Best of The Daily: Celebrating Glamour's 75th Birthday With Cindi Leive
(NEW YORK) More media bon mots to (re-)read! As Glamour celebrates 75 years on the newsstand come February, its perenially sunny editrix, Cindi Leive, talks having it all, celeb profiles, and defending Huma Abedin. Plus: A Patrick Demarchelier ‘zine’? Indeed, darlings.
BY ALEXANDRA ILYASHOV
You’ve spent most of your career at Glamour. What still keeps you excited?
I don’t know how anybody could sit in my chair right now and be bored. Magazine publishing has changed so radically over the years. Our brand has become vibrant on so many different platforms. Our website just surpassed six million uniques in a month.
Why buy Glamour on the newsstand?
If you ask any woman in America why she reads Glamour, it’s for the fashion and beauty coverage and, of course, the “Dos and Don’ts” for a wicked bit of fun. Glamour is basically what you and your friends are going to talk about around the brunch table, so, yeah, you’re going to talk about the right shoes and lipstick to wear to a job interview. However, we’re going to talk about what you’re going to say during that interview. Oh, and the guys you’re dating and your crazy, toxic boss.
Glamour is all about this well-rounded life. Seems tough to juggle. How do you do it all?
Well, I don’t! I don’t think that any woman can answer that question without feeling like a complete impostor. All those women who you feel are leading perfect lives and firing on all cylinders? No one really is. There’s some event you’re supposed to be at, and a plant that’s supposed to be watered that’s dying as we speak. So, I’d like to pop that bubble a little bit. I hate that metaphor of juggling. Who wants to aspire to juggling? It’s this lonely, solitary activity.
So what’s a girl to do?
I remember hearing Cathie Black talk years ago about the crucial difference between acceptance and support from a husband for a woman with a high-power career. It’s one thing to have a husband who says he supports your career, and then is sitting on the couch as you’re running around like a chicken without your head. I know firsthand what it’s like to have real, true, bedrock support.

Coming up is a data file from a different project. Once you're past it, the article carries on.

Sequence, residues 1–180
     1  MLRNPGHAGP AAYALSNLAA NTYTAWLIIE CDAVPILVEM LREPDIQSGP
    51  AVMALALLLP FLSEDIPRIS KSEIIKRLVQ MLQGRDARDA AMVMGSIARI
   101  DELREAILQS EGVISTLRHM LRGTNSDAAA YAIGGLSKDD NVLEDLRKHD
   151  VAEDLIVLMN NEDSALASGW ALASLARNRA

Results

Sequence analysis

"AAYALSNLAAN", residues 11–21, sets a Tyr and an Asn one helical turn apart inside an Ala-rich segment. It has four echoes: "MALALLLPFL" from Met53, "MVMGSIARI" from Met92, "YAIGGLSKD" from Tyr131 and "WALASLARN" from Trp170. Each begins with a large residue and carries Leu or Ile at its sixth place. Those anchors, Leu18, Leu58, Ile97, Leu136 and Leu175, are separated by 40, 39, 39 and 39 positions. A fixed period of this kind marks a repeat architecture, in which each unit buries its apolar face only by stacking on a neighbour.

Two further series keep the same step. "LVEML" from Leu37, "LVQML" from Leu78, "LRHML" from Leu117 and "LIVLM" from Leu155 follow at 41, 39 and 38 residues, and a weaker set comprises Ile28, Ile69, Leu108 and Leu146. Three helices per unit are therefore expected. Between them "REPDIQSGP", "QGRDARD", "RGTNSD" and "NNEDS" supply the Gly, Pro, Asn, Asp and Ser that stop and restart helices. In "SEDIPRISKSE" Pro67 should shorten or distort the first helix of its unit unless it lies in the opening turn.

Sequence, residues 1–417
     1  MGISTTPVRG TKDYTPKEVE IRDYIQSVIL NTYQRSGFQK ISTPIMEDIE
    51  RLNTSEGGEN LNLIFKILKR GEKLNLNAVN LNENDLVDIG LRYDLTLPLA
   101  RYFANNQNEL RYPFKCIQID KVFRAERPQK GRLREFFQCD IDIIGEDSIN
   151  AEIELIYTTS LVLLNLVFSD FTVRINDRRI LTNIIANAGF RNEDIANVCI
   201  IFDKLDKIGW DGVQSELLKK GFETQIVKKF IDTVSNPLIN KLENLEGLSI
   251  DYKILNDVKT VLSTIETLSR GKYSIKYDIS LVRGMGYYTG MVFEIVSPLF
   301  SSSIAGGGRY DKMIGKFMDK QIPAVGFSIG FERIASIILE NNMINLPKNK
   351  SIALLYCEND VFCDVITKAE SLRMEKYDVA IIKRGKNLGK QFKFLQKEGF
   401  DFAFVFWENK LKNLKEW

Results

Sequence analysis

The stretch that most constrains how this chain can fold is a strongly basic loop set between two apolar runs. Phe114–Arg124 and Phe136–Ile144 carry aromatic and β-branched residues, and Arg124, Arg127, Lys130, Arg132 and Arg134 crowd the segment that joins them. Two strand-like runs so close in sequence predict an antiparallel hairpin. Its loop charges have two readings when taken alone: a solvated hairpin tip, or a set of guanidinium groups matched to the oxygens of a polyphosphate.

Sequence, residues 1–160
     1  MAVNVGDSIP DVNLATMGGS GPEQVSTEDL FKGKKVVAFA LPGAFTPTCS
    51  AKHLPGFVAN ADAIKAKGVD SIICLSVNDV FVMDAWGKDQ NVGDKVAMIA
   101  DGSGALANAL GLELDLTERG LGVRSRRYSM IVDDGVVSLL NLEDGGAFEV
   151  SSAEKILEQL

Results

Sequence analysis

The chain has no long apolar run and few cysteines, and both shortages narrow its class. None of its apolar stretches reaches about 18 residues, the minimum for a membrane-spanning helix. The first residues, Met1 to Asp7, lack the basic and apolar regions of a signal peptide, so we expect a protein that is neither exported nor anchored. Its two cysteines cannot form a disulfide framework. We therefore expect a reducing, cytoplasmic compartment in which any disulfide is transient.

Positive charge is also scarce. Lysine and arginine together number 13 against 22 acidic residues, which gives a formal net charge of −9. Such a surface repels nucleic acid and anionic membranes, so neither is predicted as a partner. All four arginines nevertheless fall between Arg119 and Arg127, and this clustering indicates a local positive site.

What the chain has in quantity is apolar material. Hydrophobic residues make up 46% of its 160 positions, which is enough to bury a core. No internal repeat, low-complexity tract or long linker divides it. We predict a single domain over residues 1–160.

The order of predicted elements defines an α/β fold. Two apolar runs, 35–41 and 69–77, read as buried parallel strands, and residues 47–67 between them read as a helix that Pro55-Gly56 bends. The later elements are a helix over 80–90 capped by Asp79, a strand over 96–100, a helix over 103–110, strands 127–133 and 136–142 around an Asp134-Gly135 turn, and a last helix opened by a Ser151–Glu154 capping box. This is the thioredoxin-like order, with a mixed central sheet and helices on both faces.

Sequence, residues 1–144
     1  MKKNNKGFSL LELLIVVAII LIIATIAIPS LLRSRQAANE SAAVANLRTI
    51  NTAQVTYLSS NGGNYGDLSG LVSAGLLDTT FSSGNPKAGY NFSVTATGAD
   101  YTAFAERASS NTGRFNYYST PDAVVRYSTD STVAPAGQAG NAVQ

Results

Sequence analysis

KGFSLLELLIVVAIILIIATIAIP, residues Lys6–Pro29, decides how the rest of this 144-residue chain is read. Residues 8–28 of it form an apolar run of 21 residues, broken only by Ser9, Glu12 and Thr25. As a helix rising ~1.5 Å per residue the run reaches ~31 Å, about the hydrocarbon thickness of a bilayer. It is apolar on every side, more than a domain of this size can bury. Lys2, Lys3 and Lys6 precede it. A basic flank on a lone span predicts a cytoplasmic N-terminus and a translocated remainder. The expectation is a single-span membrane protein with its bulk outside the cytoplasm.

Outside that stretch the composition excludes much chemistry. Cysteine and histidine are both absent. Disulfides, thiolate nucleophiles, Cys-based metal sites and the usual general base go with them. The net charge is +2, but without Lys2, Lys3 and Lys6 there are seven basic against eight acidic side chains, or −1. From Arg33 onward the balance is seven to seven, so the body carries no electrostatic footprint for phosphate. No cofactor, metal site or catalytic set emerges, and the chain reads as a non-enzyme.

Besides your husband, who’s your ideal man?
You’re gonna get me divorced if I answer that question! OK, I’ve always had a thing for Matt Damon. He’s hot, smart, and good with kids.
What’s changed about this top-dog gig?
What’s demanded of editors in chief now is 180 degrees different from what it was even three or four years ago. You can no longer just see yourself as the person choosing the pictures and polishing the paragraphs. Being business-savvy is a requirement to this position.
Speaking of business, thoughts on Connie Anne Phillips as your new publisher, please!
She’s a great Glamour girl herself. She loves fashion, her living room is painted bright pink, and she once had a closet just for her shoes. She’s got incredible energy, passion, and enthusiasm.
How did you first cross paths with Connie Anne?
She came up to me in a restaurant years ago to tell me that she liked one of my editor’s notes. Naturally, I loved her. The fastest way to an editor’s heart is to compliment an editor’s letter!
Speaking of writing, why did you do the October cover story interview with Kerry Washington?
I basically elbowed all the other writers out of the way to get that one myself. I love Kerry and have known her for years, but like the rest of the world, I am completely crazy-addicted to Scandal. She made the conscious decision to step it up on the red carpet this year. Kerry’s very intelligent, and she expresses her political beliefs. She has a totally sacred private life, which I actually find incredibly refreshing. She is not the kind of person who will be live-tweeting her honeymoon, and I respect that.